(a) Constituency candidates to be selected by preferential voting; and

(b) The regional list to be selected by voting 'X' for a party.

There should be no limit on the number of nominated parties entitled to contest any election. The seats in the regional sector being allocated by 'greatest remainder'. The four constituencies might emerge by grouping current Westminster constituencies. Thus Newry and Armagh, South Down, Upper Bann, Lagan Valley, Strangford and North Down could be one such constituency; the four Belfast districts another; South, East and North Antrim with Mid-Ulster a third, and Foyle, West Tyrone and Fermanagh and South Tyrone the fourth.

• Mixed system B

An assembly of 110 members, electing 90 individual members from the current 18 Westminster electoral areas by STV, and 20 members from a regional list, with an award of 2 seats to each of the ten parties who cumulatively secured the highest number of votes. The ballot paper in each constituency would thus contain two sections:

(a) Constituency candidates to be selected by preferential voting; and

(b) The regional list to be selected by voting 'X' for a party.

There should be no limit on the number of nominated parties entitled to contest any election, and no threshold should be necessary, given the size of the voting population.

• Mixed system C

An assembly of 108 members, returning 9 individual members from 6 constituencies by STV, and 54 party representatives from 1 Northern Ireland wide constituency. The ballot paper in each constituency would thus contain two sections:

(a) Constituency candidates to be selected by preferential voting; and

(b) The regional list to be selected by voting 'X' for a party.

The 6 electoral areas could be composed in two ways. One, electoral areas might become congruent with existing county boundaries, or they might be fashioned by grouping the existing Westminster constituencies in bunches of three. Thus the constituencies envisaged are:

  1. Foyle, East Londonderry, North Antrim;
  2. West Tyrone, Mid Ulster, Fermanagh and South Tyrone;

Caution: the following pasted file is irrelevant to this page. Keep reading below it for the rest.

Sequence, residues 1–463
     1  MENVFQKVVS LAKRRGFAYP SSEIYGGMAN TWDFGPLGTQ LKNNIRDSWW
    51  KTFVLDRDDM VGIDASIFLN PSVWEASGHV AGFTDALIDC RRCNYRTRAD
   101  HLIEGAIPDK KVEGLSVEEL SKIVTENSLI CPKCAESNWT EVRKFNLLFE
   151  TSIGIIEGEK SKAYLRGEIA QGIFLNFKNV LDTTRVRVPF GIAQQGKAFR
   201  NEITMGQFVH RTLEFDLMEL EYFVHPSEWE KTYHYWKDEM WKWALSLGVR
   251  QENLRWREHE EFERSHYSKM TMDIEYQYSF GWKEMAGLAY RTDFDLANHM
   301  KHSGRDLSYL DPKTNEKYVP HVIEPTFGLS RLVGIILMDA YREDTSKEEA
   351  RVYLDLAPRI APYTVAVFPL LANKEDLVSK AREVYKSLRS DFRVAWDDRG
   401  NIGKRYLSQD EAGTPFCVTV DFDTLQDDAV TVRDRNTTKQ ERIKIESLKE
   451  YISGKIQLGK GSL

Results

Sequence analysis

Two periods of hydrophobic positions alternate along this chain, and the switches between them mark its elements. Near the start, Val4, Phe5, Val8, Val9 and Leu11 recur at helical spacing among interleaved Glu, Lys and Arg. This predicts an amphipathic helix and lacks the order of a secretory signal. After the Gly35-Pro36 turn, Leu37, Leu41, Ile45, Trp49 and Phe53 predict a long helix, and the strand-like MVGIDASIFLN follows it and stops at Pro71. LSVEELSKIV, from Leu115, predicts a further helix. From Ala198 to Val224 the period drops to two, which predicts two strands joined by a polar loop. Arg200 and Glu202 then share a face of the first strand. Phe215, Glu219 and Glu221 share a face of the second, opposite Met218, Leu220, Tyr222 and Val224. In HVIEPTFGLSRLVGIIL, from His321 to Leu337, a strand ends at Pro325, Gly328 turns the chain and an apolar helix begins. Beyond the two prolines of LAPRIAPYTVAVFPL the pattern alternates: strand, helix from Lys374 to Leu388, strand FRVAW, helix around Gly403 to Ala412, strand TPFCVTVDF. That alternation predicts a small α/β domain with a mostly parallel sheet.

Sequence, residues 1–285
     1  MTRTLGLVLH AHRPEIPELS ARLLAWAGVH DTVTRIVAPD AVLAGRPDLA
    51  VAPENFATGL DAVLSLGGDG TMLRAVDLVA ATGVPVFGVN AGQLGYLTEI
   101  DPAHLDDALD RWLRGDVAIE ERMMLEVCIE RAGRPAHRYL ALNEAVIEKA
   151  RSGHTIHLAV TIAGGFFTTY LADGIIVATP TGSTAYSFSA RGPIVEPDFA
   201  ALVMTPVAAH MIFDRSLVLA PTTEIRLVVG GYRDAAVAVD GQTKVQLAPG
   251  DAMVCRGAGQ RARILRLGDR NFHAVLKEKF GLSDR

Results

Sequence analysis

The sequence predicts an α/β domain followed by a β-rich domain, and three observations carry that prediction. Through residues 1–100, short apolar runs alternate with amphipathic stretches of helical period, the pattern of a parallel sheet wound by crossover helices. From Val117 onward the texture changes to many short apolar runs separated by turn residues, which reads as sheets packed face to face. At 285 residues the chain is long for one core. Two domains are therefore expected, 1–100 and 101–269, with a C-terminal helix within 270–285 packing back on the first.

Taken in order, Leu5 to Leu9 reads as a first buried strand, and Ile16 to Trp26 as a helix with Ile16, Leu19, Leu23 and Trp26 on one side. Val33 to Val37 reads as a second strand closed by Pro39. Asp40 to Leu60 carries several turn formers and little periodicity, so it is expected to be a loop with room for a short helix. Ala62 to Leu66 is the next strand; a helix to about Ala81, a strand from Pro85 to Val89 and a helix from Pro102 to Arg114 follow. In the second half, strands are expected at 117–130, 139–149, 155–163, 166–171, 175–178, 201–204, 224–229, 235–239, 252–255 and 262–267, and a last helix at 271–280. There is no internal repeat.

3. East Antrim, South Antrim, Belfast North;
  4. North Down, Strangford, Belfast East;
  5. Belfast West, Belfast South, Lagan Valley;
  6. Upper Bann, Newry and Armagh, South Down.

• Mixed System D

Similar to Mixed System C, with six members being returned from 9 constituencies, composed of the following pairings of Westminster constituencies:

  1. Belfast West, Belfast North;
  2. Belfast East, Belfast South;
  3. North Down, Strangford;
  4. Lagan Valley, South Down;
  5. Upper Bann, Newry and Armagh;
  6. South Antrim, East Antrim;
  7. North Antrim, Mid Ulster;
  8. East Londonderry, Foyle;
  9. West Tyrone, Fermanagh and South Tyrone.

Possible systems: Outcomes

In keeping with that asserted elsewhere in this paper, returning representatives from a single constituency, if no thresholds are imposed, will present the most proportional outcome. If the results of the May 1996 election are extrapolated and applied to such a system, Richard Sinnot calculates the following: the UUP and DUP would each have obtained three fewer seats; the SDLP would have received two more seats; Sinn Fein, the APNI and the UDP would have remained the same. The PUP would have gained two seats, the UKUP one, and the Labour Coalition and NIWC one less. Further, the Greens, Conservatives and Worker's Party would each have won a seat.

Any mixed system allows for a balance between party policy and personality interests. System B would result (assuming a similar turnout to the May 1996 election) in the voice of women being heard via the NIWC, (assuming also that the NIWC contests any forthcoming elections) and presents an opportunity for parties to adopt an 'alternative list'—placing male and female candidates alternately on the party list. It is difficult to extrapolate the local constituency results, as the system here envisaged engages STV. Systems C and D would, according to our earlier reasoning, and research elsewhere, allow for greater electoral impact by smaller parties and by women, but it is difficult to predict numerically the outcomes.

Different systems will lead to somewhat different outcomes and will require different strategies from voters and parties. Whatever system is adopted by those drawing up the rules, it should be clearly related to identifiable principles which are spelled out in some detail for the electorate. It should also be possible to keep the system under review and introduce adjustments or complete changes after a set period of time had elapsed. Such tasks might be put in the hands of an independent electoral commission, reporting to the assembly and the public whose functions would also include supervision of the conduct of elections and review of constituency boundaries.

We have before us much literature, theory and practice of how to create manageable and fair election processes and outcomes. In crafting constitutional change, we cannot ignore them.